Selling Girls | When girls are sold for sex, just love them

A church in Maine teaches about the reality of sex trafficking and why some victims, ensnared it's ugly trap, stay silent.   

Selling Girls None

SOUTH PORTLAND, Maine (NEWS CENTER) —

“Love can translate into a lot of things. As a ministry here at Eastpoint, we are just about loving.”

Nancy Gallinaro started the “just love” ministry at the Eastpoint Christian Church in South Portland after working in a safe house with minors who’d been trafficked for sex in south Florida.

On a fall evening inside the church, Gallinaro is sharing the goals and the joys of “just love”, as well as the challenges of reaching young victims in need of such love.

► MAINE SEX TRAFFICKING & EXPLOITATION NETWORK HERE

“It’s about loving them unconditionally, not being judgmental because they could tell if you said something and kind of bristled up about it, they’re like ‘See!  You’re just judging me.  You’re not here to help me, you’re here for yourself…like everybody else…trying to use me for something.”

► SERVICES AVAILABLE FOR VICTIMS OF SEX TRAFFICKING HERE

She teaches her congregation about sex trafficking and the seemingly arbitrary number that transforms a victim into a suspect. “Anybody who’s under 18 is considered trafficked.  Anybody over 18 has to prove they’ve been trafficked.”

In the audience are victims, some who don’t want to be identified and others who find healing by talking about their past.

Tricia Grant was a teen mom who says she came from an unstable home and was sexually abused by a family friend.

“I was trafficked when I was 15 years-old in Auburn.  It took me 16 years to realize that that was what had happened to me.”

Grant says she was scared that her son would be taken away from her if she told someone what was happening to her so she never did.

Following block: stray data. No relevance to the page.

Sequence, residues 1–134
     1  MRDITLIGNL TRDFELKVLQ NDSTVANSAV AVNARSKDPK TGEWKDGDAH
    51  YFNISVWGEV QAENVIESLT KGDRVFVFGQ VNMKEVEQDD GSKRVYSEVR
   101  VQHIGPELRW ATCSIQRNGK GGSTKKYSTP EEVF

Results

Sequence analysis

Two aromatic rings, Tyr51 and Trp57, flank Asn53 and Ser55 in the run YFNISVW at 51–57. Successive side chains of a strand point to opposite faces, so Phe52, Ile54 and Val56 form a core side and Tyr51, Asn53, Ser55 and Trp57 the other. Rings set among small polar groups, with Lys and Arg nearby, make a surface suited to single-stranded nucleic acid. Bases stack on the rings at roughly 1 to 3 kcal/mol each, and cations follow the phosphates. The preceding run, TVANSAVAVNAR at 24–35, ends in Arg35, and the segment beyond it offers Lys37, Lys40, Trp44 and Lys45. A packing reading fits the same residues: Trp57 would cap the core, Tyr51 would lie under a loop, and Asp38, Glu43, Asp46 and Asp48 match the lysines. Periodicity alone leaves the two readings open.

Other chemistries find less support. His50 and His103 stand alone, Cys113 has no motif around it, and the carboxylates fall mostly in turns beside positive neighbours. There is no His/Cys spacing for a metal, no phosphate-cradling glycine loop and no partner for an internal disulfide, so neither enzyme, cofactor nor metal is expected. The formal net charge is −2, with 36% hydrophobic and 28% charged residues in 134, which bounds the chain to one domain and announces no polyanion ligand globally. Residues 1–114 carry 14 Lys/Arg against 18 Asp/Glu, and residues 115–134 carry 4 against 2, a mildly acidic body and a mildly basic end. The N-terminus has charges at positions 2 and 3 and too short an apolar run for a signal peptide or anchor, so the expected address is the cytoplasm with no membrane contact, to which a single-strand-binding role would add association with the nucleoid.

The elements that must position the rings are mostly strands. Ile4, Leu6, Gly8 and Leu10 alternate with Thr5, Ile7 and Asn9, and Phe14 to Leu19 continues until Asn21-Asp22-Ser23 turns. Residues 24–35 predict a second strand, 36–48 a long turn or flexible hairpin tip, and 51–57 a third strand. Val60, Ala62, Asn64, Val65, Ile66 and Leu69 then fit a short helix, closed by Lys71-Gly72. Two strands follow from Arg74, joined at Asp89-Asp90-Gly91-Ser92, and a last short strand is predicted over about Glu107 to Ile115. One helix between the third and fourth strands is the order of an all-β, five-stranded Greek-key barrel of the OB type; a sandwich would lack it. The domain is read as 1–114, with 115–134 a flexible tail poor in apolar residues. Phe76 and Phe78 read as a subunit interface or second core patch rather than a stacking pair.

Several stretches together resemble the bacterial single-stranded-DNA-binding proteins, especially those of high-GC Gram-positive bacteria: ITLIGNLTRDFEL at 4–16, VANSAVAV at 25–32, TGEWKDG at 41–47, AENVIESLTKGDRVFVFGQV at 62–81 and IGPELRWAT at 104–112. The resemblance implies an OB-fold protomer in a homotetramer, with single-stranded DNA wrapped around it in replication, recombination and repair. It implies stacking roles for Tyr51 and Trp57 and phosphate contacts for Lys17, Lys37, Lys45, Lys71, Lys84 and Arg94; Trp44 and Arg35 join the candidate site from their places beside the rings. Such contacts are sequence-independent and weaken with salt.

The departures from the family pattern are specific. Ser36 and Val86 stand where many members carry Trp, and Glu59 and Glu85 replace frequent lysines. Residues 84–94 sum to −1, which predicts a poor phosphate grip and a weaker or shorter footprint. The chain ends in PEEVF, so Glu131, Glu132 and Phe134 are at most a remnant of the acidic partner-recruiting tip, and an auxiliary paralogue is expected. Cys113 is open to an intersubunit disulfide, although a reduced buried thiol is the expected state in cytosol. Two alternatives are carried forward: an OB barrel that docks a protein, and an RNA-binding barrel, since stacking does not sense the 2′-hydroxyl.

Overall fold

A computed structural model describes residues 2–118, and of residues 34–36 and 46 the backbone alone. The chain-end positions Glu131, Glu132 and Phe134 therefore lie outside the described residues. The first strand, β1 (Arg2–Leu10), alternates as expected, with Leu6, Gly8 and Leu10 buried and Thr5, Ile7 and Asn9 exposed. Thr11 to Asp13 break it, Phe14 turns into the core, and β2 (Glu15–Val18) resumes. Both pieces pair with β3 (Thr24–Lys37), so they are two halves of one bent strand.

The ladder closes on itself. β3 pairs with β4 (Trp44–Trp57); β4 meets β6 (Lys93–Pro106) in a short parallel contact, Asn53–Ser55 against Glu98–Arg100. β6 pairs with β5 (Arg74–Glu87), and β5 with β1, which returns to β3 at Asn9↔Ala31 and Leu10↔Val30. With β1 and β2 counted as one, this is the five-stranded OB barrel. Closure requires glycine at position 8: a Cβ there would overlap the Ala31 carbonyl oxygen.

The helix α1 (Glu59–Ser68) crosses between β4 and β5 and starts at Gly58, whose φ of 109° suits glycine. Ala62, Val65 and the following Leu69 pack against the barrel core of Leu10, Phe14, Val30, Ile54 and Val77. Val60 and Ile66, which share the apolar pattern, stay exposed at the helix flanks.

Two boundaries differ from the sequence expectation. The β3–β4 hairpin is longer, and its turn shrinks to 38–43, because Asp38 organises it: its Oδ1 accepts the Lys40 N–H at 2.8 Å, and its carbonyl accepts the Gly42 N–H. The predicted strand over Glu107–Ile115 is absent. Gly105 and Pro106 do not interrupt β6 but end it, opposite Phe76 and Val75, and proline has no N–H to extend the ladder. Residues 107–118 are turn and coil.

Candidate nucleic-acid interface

“I was broken. I was very broken. I was confused, I was terrified.”

Grant and a friend were at a restaurant, having a private conversation when they were approached by a men who had been listening to their conversation and would later become their traffickers. 

Grant says the men had private details from listening to her conversations, that were "needed to trap" her. The traffickers told the women about an opportunity at a nearby building. Grant and her friend went and were trapped.  

“I was being forced to do things I didn’t want to do which was the same situation I was in before,” Grant said.

Nearly two decades later, Grant is working with at risk youth in Lewiston trying to prevent them from ever heading down a path similar to hers. 

“We’re working with a group of nine at risk girls who could be at risk for being trafficked.  Just to educate them and to let them know that this is a reality, it happened to me, it’s happening to people around you that you might not notice.  We don’t want this to happen to you.”

And thanks to a grant, she’s taking the message to the classroom in the form of a ten week anti-trafficking education program.

Nancy Gallinaro is also working on a program connecting her church with law enforcement to shine a light on the gaps that too many young girls slip through.

“As a church, we have the belief that where there is light there can be no darkness and I think anybody would agree with that and that’s really what we want to do.”

 

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